This vaccine is designed to increase scanning percentages. This is done by briefly stopping ovulation from the ewes ovary when the effect wears off the ewe ovulates more mature eggs than before and this results in more multiples at scanning.
This product is not a golden bullet to fix poor management or poor condition scores at tupping. There is also some very specific timing that must be adhered to as vaccinations need to be given 6 weeks apart starting 12 weeks before the ram goes out.
Androvax can be very useful in certain circumstances, eg: consistently single bearing ewes, or to artificially ‘flush’ ewes when feed is unavailable. It is best used in younger ewes, as fertility increases with age and incorrect usage in older ewes can result in losses at lambing with too many sets of triplets and the increased risk of metabolic disease.
Toxoplasmosis is a common and widespread disease that occurs on sheep farms. It affects the reproductive performance of sheep and infection can have any of the following outcomes:
Toxo is present on most farms due to the fact that it is spread by cats who contaminate the pasture by passing the parasite in their gaeces. The sheep then eats the contaminated feed and depending on the stage of pregnancy can have any one of the above outcomes. Once ewes have been affected with Toxo they are immune for life.
Vaccination is very effective and it only needs to be given once for lifetime immunity. We recommend vaccinating hoggets (if hogget mating) or 2 tooth ewes and this will provide protection for the rest of the animal’s life. The vaccination can be given at any time before mating so can be given over the summer period if that is easiest. It must be given at least 4 weeks prior to mating.
For the greatest efficacy, Toxovax needs to be given in the muscle. Unlike most other vaccines, Toxovax is a LIVE vaccine and therefore must be handled with care. In particular:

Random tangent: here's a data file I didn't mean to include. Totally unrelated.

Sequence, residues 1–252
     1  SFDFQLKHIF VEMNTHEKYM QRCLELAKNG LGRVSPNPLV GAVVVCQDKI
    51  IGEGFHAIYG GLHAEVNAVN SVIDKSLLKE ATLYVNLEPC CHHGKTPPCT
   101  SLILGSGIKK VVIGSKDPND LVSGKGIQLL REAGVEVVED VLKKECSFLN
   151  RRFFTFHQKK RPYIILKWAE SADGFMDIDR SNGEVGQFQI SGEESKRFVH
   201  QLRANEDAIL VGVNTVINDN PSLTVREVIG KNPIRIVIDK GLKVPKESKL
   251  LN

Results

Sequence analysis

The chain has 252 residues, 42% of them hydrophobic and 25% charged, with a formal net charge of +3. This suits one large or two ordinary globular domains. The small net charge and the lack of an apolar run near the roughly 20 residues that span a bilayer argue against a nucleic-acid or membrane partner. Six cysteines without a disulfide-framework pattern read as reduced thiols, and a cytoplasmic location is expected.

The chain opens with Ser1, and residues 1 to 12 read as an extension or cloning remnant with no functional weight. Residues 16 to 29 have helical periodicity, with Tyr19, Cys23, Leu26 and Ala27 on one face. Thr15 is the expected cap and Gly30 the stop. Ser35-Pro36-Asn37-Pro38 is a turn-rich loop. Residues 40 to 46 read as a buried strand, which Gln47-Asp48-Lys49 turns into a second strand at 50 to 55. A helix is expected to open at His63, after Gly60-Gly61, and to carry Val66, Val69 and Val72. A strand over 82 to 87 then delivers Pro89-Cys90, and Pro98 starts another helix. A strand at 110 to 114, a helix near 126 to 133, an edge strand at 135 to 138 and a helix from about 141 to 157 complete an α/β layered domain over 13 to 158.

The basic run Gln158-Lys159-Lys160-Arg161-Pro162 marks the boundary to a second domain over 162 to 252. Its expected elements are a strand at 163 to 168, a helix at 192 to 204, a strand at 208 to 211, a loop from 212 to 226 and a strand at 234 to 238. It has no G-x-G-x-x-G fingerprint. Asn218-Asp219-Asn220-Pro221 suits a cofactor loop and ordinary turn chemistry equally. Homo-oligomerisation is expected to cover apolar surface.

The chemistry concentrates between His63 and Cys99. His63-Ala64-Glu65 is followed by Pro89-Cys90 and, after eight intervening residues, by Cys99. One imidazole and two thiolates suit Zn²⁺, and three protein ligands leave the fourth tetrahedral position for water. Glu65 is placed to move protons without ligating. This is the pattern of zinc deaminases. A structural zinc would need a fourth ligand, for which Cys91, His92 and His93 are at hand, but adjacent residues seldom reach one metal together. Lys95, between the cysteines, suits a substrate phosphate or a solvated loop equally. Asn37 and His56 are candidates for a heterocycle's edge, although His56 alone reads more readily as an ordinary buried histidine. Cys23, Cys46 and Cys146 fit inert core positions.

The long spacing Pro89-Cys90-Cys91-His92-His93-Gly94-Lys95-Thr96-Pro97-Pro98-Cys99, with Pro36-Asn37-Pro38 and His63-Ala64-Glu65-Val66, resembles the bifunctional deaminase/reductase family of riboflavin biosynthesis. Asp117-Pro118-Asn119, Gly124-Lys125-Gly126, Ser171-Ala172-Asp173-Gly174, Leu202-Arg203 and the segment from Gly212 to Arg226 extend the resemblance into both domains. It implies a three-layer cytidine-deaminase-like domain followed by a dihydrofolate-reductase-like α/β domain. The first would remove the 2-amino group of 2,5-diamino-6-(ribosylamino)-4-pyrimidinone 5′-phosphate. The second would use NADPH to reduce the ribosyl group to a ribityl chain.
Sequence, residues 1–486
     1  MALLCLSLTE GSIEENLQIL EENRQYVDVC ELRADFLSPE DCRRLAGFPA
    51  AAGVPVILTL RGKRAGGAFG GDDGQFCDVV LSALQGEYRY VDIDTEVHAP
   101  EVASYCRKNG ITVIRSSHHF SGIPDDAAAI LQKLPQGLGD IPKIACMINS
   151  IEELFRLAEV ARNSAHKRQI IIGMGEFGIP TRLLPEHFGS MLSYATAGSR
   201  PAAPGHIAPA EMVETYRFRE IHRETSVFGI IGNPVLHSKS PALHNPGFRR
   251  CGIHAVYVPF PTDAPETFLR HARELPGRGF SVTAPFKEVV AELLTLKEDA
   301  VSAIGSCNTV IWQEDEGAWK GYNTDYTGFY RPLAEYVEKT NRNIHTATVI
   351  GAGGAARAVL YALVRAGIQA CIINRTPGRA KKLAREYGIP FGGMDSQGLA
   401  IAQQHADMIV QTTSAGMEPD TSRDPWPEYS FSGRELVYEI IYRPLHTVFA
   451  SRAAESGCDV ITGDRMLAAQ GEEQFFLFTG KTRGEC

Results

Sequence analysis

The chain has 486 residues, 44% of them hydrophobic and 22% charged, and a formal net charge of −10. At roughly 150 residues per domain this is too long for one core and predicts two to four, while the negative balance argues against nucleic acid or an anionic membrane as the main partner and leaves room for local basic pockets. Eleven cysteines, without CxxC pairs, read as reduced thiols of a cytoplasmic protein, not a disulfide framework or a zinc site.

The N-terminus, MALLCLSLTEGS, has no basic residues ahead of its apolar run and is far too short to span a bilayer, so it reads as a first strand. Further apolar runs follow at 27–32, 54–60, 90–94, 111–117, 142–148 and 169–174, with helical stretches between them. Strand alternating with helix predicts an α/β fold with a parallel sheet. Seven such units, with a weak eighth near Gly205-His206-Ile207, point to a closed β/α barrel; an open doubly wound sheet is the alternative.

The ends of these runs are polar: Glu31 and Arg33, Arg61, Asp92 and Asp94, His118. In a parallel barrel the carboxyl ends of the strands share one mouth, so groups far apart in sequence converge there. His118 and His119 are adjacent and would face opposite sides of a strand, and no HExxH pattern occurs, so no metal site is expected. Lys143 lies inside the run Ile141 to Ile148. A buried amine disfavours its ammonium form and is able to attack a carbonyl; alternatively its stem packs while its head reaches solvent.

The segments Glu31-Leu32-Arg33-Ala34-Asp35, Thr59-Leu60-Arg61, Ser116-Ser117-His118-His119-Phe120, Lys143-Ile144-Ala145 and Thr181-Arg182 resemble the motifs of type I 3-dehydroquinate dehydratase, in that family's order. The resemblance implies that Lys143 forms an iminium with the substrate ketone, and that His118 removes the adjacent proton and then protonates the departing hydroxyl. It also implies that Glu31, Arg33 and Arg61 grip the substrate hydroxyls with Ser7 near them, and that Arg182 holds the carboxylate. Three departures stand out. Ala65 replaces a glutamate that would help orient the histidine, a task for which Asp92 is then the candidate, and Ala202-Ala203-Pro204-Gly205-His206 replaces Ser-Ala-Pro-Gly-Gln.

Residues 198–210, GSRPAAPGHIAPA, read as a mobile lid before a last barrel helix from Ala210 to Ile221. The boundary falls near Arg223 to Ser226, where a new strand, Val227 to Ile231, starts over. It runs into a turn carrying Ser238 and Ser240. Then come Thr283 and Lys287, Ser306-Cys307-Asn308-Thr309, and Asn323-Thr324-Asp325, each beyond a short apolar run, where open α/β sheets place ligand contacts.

Toxovax is made to order, so please ensure that your orders are made 4 weeks before you require the vaccine.
Campylobacter in ewes – causes of abortion and foetal loss
Campylobactera is one of the 2 most common causes of abortion and foetal loss in ewes, the other main player being toxoplasmosis. Campylobacter usually causes abortion in the last six weeks of pregnancy, but it can also be responsible for the birth of weak lambs. As a general rule, the ewes suffer no ill effects and retain their fertility for future years. Once exposed to Campy they also develop immunity to subsequent infections. A small percentage may develop a uterus infection and die, but this is uncommon. Infection is caused by C.fetus of which there are many strains present in New Zealand.
The bacteria may live in the intestine of sheep, these ewes are effective carriers. The infection may enter a flock by ingestion of contaminated food or water or by direct contact with aborted fetuses and their membranes. Birds that scavenge lambing paddocks, such as black gulls, may aid in carrying the bacteria from one farm to the next. In contrast to Toxoplasmosis, which tends to cause early pregnancy loss, Campylobacter results in abortion in the last third of pregnancy resulting in an increase in wet/dry ewes. Abortion is usually 7 -25 days after infection. Some ewes may carry their lambs to term resulting in the birth of dead or weak lambs. Abortion storms can occur in particular when ewes are grazing short grass at a high stocking rate.
Diagnosis is best made by post-mortem of dead lambs. However, this is not always practical on farms with little to no shepherding (the norm on hill country). A blood test is available to screen wet/dry ewes for Campylobacter antibodies. This needs to be carried out around the time of docking. The lab fees are paid for so the cost to the farmer is $50 plus mileage, making it a worthwhile exercise. Campylobacter infections can be prevented by vaccination with either CampyVax 4 or Campylovexin. The programme required 2 shots 4-6 weeks apart and is best started at least 4 weeks before mating. Ewes can be vaccinated with Campy at the same time Toxovax is given, just on opposite sides of the neck. Campyvax needs to be given under the skin, while Toxovax needs to go into the muscle. While the vaccine company recommends an annual booster with Campyvax most farmers find the 2 shot programme received as two tooths gives lifetime protection.